The Road to Recovery: How and Why Economic Policy Must Change, by Andrew Smithers, Wiley RRP£18.99
Andrew Smithers annoys people. A great deal. Long one of the best-known and most respected analysts in the City of London, in my experience he provokes anger and annoyance in the Square Mile like almost no other.
This is partly because of his arguments. He has been bearish about stocks for a while, which irritates those who have been enjoying a protracted rally. But other stock market bears remain popular.
The issue is that Smithers does not hide his disdain for what he calls “stockbroker economics”. His regular weekly reports, always ineffably logical with numbered paragraph flowing from numbered paragraph, drip with contempt for arguments from the City.
I doubt that Smithers much minds antagonising these people. If he did, he would not have produced The Road to Recovery, a remarkable book which puts front and centre his problems with the bonuses paid to corporate executives and to traders.
Although he is about as far from a leftwing populist banker-basher as it is possible to imagine, this book is a startling and authoritative attack on the system of tying executives’ bonuses to the share-price performance of their companies.
For Smithers, the bonus system was the principal cause of the financial crisis, and is now the main reason why the recovery has been so weak. He establishes this claim meticulously, with a plethora of charts, and looks for alternative explanations. (He accepts that greater concentration, or lack of competition, could be an important factor.)
His argument goes as follows. Corporate behaviour has changed significantly from its historical norms in the past two decades. It has been driven to do so by the change in remuneration for executives, which encourages them to maximise either their share price or short-run return on equity. This change accounts for the problems in building a recovery.
This is not an argument about the effects of bonuses on traders and investors. Rather, the problem is the bonuses paid to managers of companies. They invest less and take more in profit margins than they used to do. This harms an economy that needs corporate spending to rise and take some of the strain in reducing government deficits.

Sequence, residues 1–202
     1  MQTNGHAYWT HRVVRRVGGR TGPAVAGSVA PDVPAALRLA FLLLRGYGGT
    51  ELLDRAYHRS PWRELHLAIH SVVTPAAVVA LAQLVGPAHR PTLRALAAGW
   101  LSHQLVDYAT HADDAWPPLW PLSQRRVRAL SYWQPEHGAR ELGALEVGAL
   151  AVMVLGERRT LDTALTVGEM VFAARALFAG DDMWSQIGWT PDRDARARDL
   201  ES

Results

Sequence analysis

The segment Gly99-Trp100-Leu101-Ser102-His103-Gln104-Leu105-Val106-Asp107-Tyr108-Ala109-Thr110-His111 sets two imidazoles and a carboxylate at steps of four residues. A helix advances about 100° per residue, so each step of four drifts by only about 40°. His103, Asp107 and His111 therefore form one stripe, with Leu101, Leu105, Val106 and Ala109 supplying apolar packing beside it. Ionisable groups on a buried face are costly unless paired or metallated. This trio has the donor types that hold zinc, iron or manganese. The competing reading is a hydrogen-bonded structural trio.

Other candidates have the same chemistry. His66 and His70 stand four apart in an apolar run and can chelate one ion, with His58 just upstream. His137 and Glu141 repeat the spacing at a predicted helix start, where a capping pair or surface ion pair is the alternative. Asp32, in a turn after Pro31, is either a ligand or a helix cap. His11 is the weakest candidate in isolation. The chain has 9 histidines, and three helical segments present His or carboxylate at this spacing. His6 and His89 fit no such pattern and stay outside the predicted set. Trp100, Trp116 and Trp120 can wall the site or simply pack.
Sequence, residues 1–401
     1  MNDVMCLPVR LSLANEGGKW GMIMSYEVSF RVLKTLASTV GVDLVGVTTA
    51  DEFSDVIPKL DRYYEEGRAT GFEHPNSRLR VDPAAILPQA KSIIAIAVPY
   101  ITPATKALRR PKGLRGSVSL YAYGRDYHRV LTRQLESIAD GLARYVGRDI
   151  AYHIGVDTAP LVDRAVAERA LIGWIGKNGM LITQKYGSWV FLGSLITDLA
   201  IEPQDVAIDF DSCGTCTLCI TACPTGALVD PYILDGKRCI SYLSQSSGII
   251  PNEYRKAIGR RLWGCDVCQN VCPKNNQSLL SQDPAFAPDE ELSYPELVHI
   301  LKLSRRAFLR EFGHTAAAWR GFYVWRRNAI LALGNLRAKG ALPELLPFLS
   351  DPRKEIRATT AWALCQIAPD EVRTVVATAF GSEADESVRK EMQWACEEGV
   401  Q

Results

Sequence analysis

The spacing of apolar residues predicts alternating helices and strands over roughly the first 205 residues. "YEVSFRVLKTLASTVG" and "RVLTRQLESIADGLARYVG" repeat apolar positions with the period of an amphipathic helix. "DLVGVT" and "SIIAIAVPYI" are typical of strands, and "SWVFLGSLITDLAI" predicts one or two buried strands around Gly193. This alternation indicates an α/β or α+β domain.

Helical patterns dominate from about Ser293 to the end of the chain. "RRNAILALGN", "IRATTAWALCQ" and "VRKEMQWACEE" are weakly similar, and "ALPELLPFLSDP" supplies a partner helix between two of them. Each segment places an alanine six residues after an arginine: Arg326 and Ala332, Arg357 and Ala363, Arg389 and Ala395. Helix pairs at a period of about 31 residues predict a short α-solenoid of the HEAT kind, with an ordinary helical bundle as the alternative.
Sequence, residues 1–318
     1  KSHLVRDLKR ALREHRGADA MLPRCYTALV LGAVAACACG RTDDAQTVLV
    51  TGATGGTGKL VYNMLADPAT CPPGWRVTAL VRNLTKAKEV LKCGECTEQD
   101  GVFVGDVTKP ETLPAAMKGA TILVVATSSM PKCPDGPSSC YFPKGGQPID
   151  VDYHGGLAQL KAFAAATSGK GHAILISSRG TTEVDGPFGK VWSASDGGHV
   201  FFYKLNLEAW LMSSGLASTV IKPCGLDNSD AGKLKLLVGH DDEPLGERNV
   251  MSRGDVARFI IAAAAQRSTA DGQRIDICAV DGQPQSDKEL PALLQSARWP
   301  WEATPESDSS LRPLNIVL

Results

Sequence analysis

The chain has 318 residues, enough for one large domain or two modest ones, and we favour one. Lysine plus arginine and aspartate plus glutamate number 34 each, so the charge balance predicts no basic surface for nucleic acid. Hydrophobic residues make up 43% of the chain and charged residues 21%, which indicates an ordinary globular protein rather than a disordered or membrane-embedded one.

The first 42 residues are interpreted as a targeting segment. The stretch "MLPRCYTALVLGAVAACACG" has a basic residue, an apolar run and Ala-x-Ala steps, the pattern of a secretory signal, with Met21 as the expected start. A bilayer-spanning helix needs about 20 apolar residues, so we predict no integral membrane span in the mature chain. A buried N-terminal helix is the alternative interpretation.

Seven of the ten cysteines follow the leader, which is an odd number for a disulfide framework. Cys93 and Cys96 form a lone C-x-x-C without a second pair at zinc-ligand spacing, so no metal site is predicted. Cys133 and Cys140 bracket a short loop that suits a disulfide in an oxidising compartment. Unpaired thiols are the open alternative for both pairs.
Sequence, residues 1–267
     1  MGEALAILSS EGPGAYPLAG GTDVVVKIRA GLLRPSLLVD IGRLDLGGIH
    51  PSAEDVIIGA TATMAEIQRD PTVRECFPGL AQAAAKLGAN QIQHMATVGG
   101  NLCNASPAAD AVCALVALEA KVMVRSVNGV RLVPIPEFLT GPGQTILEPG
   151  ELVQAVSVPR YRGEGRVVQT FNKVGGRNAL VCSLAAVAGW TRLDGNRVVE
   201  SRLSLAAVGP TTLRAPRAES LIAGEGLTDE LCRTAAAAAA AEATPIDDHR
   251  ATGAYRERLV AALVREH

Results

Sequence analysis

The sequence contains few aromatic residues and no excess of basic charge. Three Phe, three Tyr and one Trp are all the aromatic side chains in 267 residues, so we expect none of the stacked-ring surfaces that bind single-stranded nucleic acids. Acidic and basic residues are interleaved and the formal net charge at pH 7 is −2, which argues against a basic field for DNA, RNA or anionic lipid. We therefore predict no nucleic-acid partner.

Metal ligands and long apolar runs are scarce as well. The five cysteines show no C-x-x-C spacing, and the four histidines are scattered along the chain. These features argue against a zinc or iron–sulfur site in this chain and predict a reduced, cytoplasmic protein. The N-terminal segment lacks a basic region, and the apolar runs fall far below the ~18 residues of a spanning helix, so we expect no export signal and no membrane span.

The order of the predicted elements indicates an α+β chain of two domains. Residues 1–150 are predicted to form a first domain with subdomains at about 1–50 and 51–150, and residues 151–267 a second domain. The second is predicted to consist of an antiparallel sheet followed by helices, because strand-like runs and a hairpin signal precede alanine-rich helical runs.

Thanks to the attempt to tie executives’ incentives to those of their shareholders, managers are now less inclined to take short-term risks, such as cutting profit margins, and more likely to run the long-term risk of cutting investment.
Profit margins over history tended to revert to a long-term mean (driven by the competing claims of labour and capital). But the past few years have seen a clear deviation from this pattern in the main anglophone countries, with US margins staying at record high levels, while UK margins are only slightly below average, even though output is severely depressed – suggesting that margins should be at a cyclical low.
Brokers say that margins could stay high for years, but Smithers contends that none refers to the economic theory which shows that their arguments must be flawed. With donnish disdain, he says: “This reticence can be attributed either to the fact that the analysts are ignorant of the theory or to the hope that their readers are.”
Meanwhile, spending on plant and equipment has fallen as managers devote cash to buying their own shares – a move that boosts profits for shareholders in the short run. Profits have grown more volatile, because it is in managements’ interests to take all their losses in one lump (as happened in the months after the Lehman bankruptcy).
Smithers is clear that there have been policy errors aplenty – he has no time for central banks’ panacea of “quantitative easing” which drives up asset prices – but suggests that even here the change in managements’ behaviour may be largely to blame. This has caused forecasting errors, as inflation is consistently higher than expected, while investment is lower.
Critically, he holds, economists fail to grasp that the problem is structural, not cyclical, and that weak demand from the private sector is a permanent feature of the landscape (driven by the bonus culture), and not temporary. He has many policy recommendations, but all pale next to the urgent need to fix executive pay.
This book deserves to remove the emotive issue of executive pay from tired arguments between left and right, and make it a central concern for public policy. Sadly, it cannot be guaranteed to do that. In the meantime, however, it can be guaranteed to annoy a lot of people.
The writer is the FT’s senior investment columnist